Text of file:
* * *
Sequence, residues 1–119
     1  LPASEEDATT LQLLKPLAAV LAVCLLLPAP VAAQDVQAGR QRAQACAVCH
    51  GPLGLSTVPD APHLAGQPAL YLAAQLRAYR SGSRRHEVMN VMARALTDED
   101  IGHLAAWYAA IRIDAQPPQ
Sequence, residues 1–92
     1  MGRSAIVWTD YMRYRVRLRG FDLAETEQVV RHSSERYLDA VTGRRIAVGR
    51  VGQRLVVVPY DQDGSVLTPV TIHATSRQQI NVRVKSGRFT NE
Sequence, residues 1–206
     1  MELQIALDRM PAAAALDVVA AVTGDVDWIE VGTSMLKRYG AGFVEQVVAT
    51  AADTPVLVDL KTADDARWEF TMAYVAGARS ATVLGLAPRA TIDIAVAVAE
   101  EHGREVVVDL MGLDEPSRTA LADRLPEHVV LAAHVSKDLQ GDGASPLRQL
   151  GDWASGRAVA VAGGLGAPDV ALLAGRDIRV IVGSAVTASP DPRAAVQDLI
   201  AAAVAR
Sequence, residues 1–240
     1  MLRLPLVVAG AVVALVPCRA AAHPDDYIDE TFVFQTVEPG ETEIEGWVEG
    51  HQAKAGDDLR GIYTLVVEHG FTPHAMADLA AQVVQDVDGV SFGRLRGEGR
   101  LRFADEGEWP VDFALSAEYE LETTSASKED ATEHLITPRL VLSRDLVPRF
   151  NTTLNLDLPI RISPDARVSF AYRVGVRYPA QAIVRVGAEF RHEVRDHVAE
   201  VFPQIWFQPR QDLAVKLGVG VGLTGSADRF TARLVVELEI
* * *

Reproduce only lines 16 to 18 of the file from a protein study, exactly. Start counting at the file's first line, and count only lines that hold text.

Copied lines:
    51  HQAKAGDDLR GIYTLVVEHG FTPHAMADLA AQVVQDVDGV SFGRLRGEGR
   101  LRFADEGEWP VDFALSAEYE LETTSASKED ATEHLITPRL VLSRDLVPRF
   151  NTTLNLDLPI RISPDARVSF AYRVGVRYPA QAIVRVGAEF RHEVRDHVAE